When reviewing the Autopsy Reports, you will find that remains of many who allegedly died on April 19 were severely decomposed. Internal organs were no longer recognizable. They had turned into a brown amorphous mass, or had totally liquefied; the severe decomposition was often used as a reason to terminate closer examination. Mt. Carmel Doe 65 (unidentified) is typical. Under "Internal Examination," Gary Sisler wrote:
The internal organs consist of amorphous brownish decomposing mass of tissue with active insect larvae and precludes further examination. (Mt. Carmel Doe 65)
Some (not all) children's corpses were so decomposed that sex organs were no longer recognizable.
Compare those reports to those of the five Davidians who died on February 28. Those five bodies were buried in shallow graves and recovered on May 4. On the date of autopsy, the decomposition of those five bodies is described as "moderate."
With rare exceptions, the internal organs could be recognized, and indeed were removed and weighed. Four of these bodies were in shallow graves or "tunnels" and spent 51 days there, and then spent a week or two inundated by rainwater and human waste (The Washington Post, April 30, 1996). Given Dr. Maples's dictum that "one week in the open air equals two weeks in water, equals eight weeks underground," we might expect the exhumed bodies to be in approximately the same state of decomposition as the bodies of those who died on April 19. Yet there are great differences.
Speaking of those exhumed bodies, Dr. Peerwani said:
We were very surprised. The bodies had been buried for approximately two months, and we were expecting the worst, since there was no embalming; however, the bodies did show a moderate decomposition. (Transcript, pgs. 6033-6034).
Perhaps the moderate decomposition of those five was surprising, but even more surprising were the differences in the rates of decomposition among the corpses found in the concrete room—all of whom (we are told) died on April 19 "within minutes" of each other. Julliete (Mt. Carmel Doe 54) and Crystal Martinez (Mt. Carmel Doe 57) showed only moderate decomposition, yet they were found in close proximity to other corpses that were severely decomposed—for example, their son and brother, Joseph Martinez (Mt. Carmel Doe 52).
Had all the people in the concrete room died within minutes of each other, and had the bodies been subjected to the same climatic and burial conditions—which they were—the differences in the rates of decomposition should have caused Dr. Peerwani and his staff to sit up and take notice. The differences were extraordinary.
Yet Dr. Peerwani wasn't asked about this remarkable difference in decomposition rates for those inside the concrete room, nor did he volunteer answers. The anomaly is not mentioned in any one of the Autopsy Reports, of course, because each report discussed just one corpse.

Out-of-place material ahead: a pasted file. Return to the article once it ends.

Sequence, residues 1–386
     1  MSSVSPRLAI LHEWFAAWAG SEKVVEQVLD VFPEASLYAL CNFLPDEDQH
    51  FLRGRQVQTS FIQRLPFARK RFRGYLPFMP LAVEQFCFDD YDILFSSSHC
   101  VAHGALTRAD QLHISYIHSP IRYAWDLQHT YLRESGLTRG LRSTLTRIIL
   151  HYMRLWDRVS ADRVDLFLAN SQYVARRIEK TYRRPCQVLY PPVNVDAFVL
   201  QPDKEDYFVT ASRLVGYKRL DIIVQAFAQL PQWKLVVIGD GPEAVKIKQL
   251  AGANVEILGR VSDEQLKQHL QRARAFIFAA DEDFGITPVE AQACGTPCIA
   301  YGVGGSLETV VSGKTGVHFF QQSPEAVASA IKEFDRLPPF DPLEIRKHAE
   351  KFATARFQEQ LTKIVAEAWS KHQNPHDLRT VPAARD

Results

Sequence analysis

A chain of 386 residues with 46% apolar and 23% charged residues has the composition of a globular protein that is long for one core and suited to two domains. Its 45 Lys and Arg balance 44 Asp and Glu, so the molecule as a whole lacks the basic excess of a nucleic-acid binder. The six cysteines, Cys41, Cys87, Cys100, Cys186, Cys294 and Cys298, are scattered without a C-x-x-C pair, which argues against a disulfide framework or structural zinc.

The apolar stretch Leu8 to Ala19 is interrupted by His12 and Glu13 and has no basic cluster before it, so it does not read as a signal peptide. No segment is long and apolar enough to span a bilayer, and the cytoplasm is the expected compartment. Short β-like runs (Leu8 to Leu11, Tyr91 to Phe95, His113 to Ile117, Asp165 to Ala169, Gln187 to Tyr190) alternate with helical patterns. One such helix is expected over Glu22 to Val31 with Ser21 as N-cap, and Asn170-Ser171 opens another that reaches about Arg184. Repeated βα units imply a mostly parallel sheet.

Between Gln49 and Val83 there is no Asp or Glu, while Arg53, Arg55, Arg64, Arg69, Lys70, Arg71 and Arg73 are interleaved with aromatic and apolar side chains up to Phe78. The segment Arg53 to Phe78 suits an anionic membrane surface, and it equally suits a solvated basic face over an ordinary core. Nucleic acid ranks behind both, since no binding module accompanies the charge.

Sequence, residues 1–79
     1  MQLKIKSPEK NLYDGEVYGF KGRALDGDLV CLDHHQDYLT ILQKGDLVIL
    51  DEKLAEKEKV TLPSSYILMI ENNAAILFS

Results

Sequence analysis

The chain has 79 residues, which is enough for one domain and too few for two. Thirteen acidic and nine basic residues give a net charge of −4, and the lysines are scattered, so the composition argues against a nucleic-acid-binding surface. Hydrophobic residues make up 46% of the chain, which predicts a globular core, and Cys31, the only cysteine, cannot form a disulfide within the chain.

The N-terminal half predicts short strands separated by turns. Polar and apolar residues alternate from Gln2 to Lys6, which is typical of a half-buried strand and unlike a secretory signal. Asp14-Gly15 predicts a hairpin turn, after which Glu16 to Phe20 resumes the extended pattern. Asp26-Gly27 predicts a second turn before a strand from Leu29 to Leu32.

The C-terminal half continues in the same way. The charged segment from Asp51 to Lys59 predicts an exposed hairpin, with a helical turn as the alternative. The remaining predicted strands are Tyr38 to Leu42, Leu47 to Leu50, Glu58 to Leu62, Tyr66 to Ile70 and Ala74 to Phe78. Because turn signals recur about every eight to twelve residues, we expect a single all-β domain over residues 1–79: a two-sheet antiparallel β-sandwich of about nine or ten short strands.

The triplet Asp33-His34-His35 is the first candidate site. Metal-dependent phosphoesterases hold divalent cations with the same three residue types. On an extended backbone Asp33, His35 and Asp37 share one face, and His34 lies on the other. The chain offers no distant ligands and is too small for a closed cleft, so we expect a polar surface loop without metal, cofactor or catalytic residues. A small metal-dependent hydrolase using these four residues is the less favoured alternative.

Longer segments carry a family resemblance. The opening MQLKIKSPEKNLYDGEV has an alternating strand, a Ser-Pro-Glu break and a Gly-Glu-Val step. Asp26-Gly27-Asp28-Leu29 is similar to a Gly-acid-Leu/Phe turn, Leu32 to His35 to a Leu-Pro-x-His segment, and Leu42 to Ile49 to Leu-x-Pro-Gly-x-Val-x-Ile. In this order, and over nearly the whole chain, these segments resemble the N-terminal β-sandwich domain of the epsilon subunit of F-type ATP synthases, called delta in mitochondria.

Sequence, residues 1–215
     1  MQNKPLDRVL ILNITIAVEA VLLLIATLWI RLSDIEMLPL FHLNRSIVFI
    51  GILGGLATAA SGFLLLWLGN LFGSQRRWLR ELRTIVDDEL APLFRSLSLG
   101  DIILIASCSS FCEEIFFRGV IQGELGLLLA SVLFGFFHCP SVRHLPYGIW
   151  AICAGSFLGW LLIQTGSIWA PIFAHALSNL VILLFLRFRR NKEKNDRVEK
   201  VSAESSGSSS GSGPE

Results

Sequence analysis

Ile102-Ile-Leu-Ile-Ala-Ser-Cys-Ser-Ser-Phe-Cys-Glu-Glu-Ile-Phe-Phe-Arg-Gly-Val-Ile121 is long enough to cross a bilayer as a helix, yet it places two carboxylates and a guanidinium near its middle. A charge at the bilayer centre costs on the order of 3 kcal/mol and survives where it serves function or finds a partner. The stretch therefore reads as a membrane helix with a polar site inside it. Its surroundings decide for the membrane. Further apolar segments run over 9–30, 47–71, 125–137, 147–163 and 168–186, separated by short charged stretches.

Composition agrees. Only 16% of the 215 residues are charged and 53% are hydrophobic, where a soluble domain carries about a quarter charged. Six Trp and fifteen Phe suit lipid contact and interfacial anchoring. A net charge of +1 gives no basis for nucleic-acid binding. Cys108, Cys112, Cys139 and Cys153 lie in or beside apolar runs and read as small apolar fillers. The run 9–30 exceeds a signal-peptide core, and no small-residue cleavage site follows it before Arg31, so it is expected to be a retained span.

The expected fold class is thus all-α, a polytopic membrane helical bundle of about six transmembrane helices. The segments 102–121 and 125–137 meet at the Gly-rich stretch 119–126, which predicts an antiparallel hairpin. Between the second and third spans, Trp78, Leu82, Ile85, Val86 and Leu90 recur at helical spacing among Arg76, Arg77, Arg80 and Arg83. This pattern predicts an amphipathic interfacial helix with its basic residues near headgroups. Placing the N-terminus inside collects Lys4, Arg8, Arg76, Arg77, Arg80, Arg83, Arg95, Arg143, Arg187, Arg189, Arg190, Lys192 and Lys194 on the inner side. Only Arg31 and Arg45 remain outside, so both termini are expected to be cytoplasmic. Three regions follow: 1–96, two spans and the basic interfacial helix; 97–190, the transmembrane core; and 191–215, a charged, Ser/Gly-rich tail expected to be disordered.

The truth is simple. The differences in decomposition states of the remains found in the concrete room suggest the people in the concrete room died at different times.
One particularly anomalous specimen is described in the report for Mt. Carmel Doe 59. The portion of the body above the pelvis was severely decomposed and disarticulated, the organs liquefied and indistinguishable, and the flesh falling off the bones. The lower portion of the body was fully articulated and only moderately decomposed. As in the cases Argentina state-sponsored murder cases described by Joyce and Stover (see Cover-ups, Politics, and Forensics), the Tarrant County medical examiners expressed no curiosity about this riddle. They wrote on page 2 of the Report: "The pelvis and the lower extremities are fully articulated whereas the torso and head are disarticulated and infested with maggots." The remains were never identified: perhaps they belong to two different people. Possibly the deaths occurred at widely separated times.
Professional evidence handlers remove and perform autopsies quickly for a number of reasons. Time can erase traces of poison like cyanide, says Dr. Baden. Speaking of one case he was working on, Dr. Baden says: "The defense was saying that no cyanide was found in the bodies, but the absence of cyanide didn't mean they weren't given it. After a few days you can't find cyanide in a body. That's one of the reasons it's such a good murder weapon." (Baden, pg. 130). (Note: The visitor might notice the mention of cyanide in some Branch Davidian autopsies; the explanation of this phenomenon awaits competent scientific analysis.)